So I bought a white shirt. And spilled something on it. Of course, that’s what white shirts are for. Luckily the stain was on one of the sleeves, so I thought about cutting them off. I read a lot of blogs about upcycling clothes lately and discovered a whole bunch of knock offs of this jcrew shirt:
My craft alarms set off and I decided to do this myself. Since I wasn’t sure how this would turn out, I tried it on a second, even older and more worn-out shirt before. Just in case. It turned out pretty well and now I have two – goody!
For doing it I found Suzannah’s tutorial most helpful. She blogs at Adventures in Dressmaking – a totally awesome blog you should check out if you’re into sewing and crafting.
Ok, now: Here’s my version of how to do it:
Mark the line where you want to cut off the sleves. To find out what’s the perfect length for you, put on the shirt, measure from the end of the left shoulder to the point where you want your sleeve to end. Add the seam allowance and mark the line at a right angle.
Cut off the serged seam allowance and the hem.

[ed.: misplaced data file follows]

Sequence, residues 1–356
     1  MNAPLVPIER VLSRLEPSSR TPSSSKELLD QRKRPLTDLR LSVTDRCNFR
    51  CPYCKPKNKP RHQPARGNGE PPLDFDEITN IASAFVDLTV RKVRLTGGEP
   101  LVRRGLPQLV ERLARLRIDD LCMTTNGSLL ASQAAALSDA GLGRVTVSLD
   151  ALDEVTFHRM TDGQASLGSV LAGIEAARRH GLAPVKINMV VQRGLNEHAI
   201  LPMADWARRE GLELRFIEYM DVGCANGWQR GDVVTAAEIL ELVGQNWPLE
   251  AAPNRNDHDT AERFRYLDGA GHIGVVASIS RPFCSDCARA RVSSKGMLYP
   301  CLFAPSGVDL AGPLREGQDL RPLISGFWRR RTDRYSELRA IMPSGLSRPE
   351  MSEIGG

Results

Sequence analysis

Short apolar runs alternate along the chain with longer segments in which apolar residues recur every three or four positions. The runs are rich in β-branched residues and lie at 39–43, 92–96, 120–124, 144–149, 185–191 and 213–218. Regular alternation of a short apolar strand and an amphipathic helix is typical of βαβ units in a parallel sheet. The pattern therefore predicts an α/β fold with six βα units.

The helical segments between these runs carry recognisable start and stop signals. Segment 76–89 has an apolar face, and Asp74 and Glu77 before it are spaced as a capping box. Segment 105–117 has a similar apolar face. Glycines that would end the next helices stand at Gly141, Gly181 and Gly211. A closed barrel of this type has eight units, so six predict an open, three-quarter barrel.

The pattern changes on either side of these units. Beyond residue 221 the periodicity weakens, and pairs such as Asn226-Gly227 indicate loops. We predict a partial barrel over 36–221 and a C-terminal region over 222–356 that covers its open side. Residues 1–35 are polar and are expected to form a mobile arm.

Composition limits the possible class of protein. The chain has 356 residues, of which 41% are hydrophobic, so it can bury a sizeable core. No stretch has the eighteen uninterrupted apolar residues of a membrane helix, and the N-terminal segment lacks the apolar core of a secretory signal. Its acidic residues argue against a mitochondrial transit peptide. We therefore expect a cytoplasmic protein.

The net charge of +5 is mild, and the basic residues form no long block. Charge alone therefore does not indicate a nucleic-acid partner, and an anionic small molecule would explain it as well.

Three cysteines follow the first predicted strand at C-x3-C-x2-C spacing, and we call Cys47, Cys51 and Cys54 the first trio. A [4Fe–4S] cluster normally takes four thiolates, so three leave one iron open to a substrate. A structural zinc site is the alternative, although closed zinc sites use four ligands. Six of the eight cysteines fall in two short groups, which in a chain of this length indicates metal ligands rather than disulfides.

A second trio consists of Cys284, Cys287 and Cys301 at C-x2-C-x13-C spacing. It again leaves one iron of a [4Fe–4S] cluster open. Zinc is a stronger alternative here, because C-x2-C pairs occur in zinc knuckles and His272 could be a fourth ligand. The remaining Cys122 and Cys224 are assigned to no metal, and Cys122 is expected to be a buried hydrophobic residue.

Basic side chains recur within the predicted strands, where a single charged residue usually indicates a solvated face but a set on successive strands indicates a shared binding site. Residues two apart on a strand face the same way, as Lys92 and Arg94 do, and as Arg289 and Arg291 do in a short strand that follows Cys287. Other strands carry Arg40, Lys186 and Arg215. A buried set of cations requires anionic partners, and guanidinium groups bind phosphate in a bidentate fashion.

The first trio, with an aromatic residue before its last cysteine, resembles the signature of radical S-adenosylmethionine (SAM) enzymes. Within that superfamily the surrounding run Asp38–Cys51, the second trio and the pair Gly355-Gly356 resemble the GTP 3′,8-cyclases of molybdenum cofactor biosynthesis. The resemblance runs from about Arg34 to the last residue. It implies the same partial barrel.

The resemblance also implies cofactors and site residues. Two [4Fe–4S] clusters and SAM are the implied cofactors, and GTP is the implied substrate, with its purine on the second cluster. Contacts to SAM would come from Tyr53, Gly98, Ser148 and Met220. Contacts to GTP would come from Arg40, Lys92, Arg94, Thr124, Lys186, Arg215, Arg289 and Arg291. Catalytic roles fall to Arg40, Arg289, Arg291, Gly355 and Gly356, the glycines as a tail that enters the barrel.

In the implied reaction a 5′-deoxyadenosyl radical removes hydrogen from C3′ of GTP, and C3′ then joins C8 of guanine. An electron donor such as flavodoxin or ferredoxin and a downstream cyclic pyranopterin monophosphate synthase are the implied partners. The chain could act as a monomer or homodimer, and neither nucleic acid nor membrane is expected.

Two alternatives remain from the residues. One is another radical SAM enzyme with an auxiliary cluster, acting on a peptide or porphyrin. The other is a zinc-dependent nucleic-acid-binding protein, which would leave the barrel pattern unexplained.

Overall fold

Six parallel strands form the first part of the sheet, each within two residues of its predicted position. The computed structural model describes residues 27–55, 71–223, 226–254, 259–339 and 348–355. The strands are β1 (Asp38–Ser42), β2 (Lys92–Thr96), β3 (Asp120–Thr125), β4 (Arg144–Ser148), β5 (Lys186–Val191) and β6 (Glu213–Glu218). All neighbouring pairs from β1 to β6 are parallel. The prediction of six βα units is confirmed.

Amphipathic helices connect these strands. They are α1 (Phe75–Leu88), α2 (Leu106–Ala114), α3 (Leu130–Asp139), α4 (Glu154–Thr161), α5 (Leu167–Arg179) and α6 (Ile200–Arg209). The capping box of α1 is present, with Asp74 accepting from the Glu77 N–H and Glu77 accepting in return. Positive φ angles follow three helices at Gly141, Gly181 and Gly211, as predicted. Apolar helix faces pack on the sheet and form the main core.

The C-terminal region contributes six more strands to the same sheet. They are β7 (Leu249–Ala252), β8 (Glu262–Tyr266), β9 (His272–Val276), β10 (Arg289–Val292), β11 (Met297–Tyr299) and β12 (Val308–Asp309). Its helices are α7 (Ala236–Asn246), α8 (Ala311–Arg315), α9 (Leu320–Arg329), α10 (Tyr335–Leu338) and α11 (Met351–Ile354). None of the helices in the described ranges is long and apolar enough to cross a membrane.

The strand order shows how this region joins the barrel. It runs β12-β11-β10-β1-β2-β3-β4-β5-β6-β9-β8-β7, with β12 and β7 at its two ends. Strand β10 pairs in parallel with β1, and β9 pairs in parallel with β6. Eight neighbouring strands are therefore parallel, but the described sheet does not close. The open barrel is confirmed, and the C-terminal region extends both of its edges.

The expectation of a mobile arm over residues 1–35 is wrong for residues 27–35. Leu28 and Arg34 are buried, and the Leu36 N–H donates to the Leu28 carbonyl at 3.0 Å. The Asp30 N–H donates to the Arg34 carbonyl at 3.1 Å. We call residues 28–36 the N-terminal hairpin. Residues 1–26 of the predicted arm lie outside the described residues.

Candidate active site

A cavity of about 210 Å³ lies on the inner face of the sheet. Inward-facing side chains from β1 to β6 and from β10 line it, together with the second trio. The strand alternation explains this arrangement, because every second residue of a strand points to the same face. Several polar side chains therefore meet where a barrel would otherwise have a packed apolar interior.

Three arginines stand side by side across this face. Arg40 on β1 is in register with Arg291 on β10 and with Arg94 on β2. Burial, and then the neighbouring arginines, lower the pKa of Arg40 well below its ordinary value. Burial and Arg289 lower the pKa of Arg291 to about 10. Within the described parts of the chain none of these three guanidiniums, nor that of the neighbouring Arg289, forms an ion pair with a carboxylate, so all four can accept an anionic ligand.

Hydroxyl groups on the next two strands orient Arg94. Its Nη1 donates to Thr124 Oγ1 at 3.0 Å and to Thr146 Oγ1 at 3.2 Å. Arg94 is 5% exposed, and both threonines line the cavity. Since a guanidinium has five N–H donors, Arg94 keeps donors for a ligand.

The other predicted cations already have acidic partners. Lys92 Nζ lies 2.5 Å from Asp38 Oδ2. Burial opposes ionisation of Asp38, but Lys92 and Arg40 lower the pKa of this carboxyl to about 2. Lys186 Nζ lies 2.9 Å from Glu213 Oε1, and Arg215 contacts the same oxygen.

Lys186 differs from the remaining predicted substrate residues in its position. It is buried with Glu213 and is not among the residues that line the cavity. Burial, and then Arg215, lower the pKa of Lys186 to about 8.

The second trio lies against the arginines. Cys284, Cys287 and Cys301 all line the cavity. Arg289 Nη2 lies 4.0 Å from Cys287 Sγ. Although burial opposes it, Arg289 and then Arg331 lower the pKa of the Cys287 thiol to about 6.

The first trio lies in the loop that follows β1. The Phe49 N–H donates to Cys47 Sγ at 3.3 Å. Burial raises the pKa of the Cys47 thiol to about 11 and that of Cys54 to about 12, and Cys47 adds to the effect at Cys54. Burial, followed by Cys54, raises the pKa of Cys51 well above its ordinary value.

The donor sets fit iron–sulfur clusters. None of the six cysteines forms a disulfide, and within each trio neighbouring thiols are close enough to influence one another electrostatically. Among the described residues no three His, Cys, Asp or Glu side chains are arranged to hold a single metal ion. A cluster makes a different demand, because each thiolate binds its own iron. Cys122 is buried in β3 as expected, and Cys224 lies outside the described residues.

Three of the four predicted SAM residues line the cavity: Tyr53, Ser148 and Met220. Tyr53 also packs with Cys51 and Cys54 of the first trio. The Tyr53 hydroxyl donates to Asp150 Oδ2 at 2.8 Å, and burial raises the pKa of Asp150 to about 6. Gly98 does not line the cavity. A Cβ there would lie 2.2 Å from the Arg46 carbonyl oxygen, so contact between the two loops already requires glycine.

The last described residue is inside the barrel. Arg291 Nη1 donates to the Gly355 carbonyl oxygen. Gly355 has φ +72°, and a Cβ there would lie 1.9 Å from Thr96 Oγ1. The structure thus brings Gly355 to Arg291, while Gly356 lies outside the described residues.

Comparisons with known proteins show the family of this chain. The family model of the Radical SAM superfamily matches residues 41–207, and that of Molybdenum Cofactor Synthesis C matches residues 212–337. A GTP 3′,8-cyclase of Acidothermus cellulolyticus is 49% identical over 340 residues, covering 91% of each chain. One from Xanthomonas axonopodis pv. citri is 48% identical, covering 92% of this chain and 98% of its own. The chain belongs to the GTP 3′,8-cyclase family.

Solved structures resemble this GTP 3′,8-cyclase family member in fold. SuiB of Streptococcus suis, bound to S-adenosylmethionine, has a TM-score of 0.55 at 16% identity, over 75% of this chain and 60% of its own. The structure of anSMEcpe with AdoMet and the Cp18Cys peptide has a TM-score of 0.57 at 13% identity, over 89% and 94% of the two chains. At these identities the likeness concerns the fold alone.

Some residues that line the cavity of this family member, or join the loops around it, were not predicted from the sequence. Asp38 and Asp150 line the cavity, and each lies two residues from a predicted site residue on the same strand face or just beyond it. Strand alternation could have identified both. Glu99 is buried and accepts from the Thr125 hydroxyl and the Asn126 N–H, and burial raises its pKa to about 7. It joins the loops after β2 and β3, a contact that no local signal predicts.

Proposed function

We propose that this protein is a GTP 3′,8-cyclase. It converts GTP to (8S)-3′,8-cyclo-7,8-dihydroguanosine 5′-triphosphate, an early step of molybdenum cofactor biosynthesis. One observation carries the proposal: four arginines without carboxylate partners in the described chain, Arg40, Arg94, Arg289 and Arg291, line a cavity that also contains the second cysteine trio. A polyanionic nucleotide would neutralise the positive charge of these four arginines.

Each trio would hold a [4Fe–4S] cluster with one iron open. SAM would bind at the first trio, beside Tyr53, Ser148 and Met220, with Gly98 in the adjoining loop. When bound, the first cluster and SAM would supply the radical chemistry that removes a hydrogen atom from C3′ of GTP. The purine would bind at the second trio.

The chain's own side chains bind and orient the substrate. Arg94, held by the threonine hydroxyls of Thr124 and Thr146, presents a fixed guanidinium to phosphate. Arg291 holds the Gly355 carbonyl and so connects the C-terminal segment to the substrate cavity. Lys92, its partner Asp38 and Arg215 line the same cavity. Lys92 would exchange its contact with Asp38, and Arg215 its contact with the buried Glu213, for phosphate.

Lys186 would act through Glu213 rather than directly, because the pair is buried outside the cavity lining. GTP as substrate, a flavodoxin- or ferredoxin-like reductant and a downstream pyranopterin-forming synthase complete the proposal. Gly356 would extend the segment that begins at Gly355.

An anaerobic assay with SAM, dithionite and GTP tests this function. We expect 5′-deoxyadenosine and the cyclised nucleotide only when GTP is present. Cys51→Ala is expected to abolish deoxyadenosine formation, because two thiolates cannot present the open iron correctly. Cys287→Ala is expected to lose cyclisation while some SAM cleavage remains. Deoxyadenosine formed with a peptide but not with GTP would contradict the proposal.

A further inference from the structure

Trim the pieces of fabric to two even rectangles.
Cut one of the sleeves into evenly sized strips of about 1,5 inch/4cm.
Cut the other one into larger strips (2inch/5-6cm).
Hem the shortened sleeves of your tee.
Sew all 1,5 inch strips together into a longer single strip. Do the same with the 2 inch strips.
Now, for the ruffles:
Sew along one side on both of your strips with straight stitches. Use large stitches and a tight tension, it makes it easier to pull the top thread to gather the fabric.
Gather the first strip piece (1,5 inch) until it reaches the circumference of the neckline of your tee and pin it in place (see picture below), pointing up.
Sew along the seam of the ruffles.
Now do the same with the wider strip piece, pin it starting at the shoulder seam, pointing down. Cut it shortly before reaching the middle of the front neckline/ just above the V, if you’re using a V-neck tee. Sew down.
Use the cut-off rest and sew it on the top of the second strip. Start a few inches behind the shoulder seam and cut the strip off a few inches after the second strip. This way you’ll get a smooth transition between the pieces.
Trim the second and third strip into a nice round shape at the end. And you’re done!
For the white one I added a lace layer instead of the second strip.
Because just trimming the lace at the end makes it look rather ragged, I pinned it in place in a round shape, as you can see in the picture below. This way I wont need trimming.
Before adding the third strip:
I also added some lace to the hem of the sleeves.
Now I’m glad I didn’t throw it away. Two “new” shirts – yay!